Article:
Corps and Plaquemines Parish host signing ceremony to recognize new commitment to the beneficial use of dredged material in the Bird's Foot Delta

Published Aug. 4, 2014
NEW ORLEANS – The U.S. Army Corps of Engineers, New Orleans District and Plaquemines Parish Government are hosting a ceremony on Wednesday, August 6th to recognize the signing of a partnership agreement for initiation of Louisiana Coastal Area Beneficial Use of Dredged Material projects. These projects aim to increase the use of material dredged from the Mississippi River to restore and create important coastal landscape features in Plaquemines Parish. 
New Orleans District Commander, Col. Richard Hansen, and Plaquemines Parish President Billy Nungesser will be on hand to sign the LCA BUDMAT Design Agreement and provide statements on the importance of this partnership. The signing of the LCA BUDMAT Design Agreement initiates the design of the first beneficial use projects and positions the program for construction in 2015, dependent on funding from Congress. 
Ceremony details are as follows:
Wednesday, August 6, 2014
11:00 a.m.
U.S. Army Corps of Engineers, New Orleans District
District Assembly Room A
7400 Leake Ave
New Orleans, LA 70118
Col. Richard Hansen, USACE-MVN Commander
President Billy Nungesser, Plaquemines Parish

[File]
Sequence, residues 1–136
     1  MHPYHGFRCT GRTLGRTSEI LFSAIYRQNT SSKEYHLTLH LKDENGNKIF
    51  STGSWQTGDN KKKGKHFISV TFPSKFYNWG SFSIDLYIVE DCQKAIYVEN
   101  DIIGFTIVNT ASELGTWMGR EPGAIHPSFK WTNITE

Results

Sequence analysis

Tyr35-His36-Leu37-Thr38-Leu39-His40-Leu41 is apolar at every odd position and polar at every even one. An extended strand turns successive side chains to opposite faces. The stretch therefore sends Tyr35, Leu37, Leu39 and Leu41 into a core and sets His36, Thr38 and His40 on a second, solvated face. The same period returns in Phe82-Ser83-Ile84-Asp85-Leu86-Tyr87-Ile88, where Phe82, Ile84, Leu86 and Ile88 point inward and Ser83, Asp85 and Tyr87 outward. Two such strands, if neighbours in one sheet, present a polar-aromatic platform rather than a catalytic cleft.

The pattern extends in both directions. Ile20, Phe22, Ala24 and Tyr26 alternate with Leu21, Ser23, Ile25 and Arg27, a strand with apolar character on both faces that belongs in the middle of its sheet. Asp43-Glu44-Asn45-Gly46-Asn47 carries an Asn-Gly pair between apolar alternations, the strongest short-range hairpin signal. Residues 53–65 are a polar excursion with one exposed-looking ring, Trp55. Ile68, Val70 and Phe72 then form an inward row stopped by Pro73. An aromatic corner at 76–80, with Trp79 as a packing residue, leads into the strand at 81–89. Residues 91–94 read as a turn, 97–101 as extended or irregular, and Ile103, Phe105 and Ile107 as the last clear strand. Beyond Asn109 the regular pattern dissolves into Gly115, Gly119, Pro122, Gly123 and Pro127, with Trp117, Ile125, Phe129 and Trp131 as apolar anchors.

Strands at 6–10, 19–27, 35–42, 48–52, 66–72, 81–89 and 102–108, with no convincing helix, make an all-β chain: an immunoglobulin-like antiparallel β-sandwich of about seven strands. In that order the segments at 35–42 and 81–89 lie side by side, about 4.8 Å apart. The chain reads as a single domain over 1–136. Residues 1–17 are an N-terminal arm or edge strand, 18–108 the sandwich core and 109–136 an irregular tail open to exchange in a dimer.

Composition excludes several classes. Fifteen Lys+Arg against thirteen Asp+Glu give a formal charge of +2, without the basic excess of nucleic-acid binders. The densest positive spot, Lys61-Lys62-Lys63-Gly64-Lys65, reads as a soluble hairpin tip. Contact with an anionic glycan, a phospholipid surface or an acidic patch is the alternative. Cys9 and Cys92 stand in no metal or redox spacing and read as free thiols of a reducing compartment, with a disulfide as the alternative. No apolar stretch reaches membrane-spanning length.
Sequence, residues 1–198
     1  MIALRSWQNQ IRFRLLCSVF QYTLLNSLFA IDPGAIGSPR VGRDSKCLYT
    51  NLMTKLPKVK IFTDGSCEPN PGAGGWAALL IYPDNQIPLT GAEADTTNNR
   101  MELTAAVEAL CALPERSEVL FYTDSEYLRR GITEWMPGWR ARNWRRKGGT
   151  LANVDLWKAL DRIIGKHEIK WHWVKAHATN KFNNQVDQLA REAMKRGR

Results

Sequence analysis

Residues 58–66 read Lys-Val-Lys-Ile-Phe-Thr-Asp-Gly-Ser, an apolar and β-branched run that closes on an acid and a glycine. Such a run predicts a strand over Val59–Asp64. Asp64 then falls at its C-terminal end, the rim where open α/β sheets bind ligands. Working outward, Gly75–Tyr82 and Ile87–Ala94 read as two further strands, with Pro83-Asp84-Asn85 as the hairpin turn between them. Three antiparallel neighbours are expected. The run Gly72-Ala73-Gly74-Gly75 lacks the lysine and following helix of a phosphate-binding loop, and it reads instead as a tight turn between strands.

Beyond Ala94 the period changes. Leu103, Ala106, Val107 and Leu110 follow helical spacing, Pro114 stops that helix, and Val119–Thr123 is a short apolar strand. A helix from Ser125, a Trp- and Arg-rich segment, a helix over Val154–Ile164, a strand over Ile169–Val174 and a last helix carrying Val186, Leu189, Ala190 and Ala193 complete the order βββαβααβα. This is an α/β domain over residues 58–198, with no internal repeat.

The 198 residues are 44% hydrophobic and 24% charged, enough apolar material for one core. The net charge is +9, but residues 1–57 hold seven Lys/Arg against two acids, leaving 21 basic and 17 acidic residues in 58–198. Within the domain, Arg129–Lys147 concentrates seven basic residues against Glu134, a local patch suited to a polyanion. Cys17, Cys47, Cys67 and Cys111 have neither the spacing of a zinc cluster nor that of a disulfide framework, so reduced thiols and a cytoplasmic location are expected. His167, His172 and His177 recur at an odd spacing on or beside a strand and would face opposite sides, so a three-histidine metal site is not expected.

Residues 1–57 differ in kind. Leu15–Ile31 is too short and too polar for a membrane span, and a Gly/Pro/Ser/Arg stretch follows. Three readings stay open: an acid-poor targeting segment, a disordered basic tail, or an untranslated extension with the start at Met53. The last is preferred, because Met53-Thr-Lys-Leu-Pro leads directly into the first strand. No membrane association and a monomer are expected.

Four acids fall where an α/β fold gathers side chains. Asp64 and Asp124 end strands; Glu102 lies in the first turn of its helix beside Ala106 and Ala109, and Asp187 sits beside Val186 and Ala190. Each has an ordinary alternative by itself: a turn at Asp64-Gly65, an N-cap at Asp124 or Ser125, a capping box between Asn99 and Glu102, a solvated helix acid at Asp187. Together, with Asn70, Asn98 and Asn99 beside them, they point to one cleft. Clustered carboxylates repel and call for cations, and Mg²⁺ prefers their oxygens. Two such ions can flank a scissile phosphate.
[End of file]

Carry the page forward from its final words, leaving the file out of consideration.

Please RSVP to Lee Mueller, USACE-PAO at 504-862-1759 or for access to the District.
The first Plaquemines Parish LCA BUDMAT project will use material dredged from Southwest Pass to restore and create approximately 300 to 600 acres of marsh habitat. This effort will provide valuable habitat for wildlife and fisheries, reduce the loss of important coastal landscapes in Plaquemines Parish, and help sustain the ecosystems of coastal Louisiana.
Overall, the LCA BUDMAT program was authorized in WRDA 2007 and aims to use material dredged from federally-maintained waterways throughout the New Orleans District beneficially to create and restore coastal landscape features, such as marshes, ridges and islands.  The program can execute beneficial use projects over a ten year period for a total cost of $100 million.
For more information on the program, please visit:

Rene Poche

Release no. 14-040